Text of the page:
Beyoncé and Jay-Z’s ‘Apes**t’ Was a Subtle History Lesson in Race and Power
The Carters weren’t just flexing by shooting their latest music video in the world’s largest art museum
In the first music video from their collaborative album, Everything Is Love, Beyoncé and Jay-Z completely take over the Louvre. Long lines, security guards, and rope barriers be damned, the Carters swagger, strut, and pose their way through the the world’s most visited museum and the world-famous high temple of European fine art.
Setting “Apeshit” in the Louvre is more than just a flex: It’s a dramatic expansion of the type of culture normally presented in this elite space, one where people of color have long felt excluded, unwelcome, and unrepresented. But the Louvre itself was first established in a similar act of radical inclusion. Originally the official residence of the French kings, the Louvre became one site of the royal art collection after Louis XIV (also known as the Sun King) moved the court to Versailles in 1682. For most of the eighteenth century, public access to art galleries was extremely limited, subject to the whims of the princes and royal societies who owned the artwork. But in 1793, on the first anniversary of the overthrow of the French monarchy and the establishment of the Republic, the Louvre was declared a state museum, property of the people and freely accessible to all, without charge — a new, democratic institution for the new age.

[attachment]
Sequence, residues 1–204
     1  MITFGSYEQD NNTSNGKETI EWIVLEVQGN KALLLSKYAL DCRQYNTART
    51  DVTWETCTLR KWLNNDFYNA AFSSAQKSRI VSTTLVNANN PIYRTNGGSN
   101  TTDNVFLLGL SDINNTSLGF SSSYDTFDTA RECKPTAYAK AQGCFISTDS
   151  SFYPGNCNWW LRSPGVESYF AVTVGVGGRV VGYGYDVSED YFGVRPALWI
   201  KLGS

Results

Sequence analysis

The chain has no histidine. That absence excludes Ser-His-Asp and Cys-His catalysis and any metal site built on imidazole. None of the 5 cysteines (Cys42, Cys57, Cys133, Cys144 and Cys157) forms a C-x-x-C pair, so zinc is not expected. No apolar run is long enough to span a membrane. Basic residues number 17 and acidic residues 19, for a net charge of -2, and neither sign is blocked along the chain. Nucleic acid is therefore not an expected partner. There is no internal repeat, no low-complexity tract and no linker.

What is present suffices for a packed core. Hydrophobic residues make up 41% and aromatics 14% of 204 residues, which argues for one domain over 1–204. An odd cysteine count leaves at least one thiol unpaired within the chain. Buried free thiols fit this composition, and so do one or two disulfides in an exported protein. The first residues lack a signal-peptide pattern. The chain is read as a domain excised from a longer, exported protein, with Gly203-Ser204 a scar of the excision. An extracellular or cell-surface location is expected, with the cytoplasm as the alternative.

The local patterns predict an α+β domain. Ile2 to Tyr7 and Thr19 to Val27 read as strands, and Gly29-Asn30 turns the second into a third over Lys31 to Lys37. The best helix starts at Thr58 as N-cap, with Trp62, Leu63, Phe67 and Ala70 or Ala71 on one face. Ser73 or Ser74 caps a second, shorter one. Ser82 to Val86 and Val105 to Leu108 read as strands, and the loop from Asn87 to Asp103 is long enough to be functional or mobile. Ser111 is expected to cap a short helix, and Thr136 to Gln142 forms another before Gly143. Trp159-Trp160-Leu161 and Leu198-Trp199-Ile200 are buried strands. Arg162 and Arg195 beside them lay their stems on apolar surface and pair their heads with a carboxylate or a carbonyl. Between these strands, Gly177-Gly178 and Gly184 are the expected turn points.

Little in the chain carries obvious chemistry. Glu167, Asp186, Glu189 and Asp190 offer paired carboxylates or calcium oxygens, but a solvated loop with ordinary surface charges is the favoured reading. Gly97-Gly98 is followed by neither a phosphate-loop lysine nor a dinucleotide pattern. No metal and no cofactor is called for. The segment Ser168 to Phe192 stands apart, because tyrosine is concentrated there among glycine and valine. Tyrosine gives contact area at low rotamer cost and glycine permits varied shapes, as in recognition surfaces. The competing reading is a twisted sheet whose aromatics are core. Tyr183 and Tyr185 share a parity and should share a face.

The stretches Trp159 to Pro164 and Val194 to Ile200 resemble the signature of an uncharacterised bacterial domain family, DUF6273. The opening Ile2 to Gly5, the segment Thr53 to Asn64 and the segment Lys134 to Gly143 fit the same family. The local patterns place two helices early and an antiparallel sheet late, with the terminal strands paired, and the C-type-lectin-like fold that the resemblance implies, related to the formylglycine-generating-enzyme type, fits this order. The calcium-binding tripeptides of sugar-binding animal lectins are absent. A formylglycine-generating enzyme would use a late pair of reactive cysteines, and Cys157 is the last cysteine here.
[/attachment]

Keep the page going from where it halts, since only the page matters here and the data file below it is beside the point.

Much of the video’s symbolic power stems from this juxtaposition of the Carters performing in such a traditional bastion of white (male) European culture. The camera lingers over the few Black figures in the collection — the dark-skinned servants in Paolo Veronese’s Wedding Feast at Cana, the Black sailor in Théodore Géricault’s Raft of the Medusa, the nameless subject of Marie-Guillemine Benoist’s Portrait d’une Négresse (Portrait of a Negro Woman) — underscoring the overwhelming whiteness of the museum’s collection.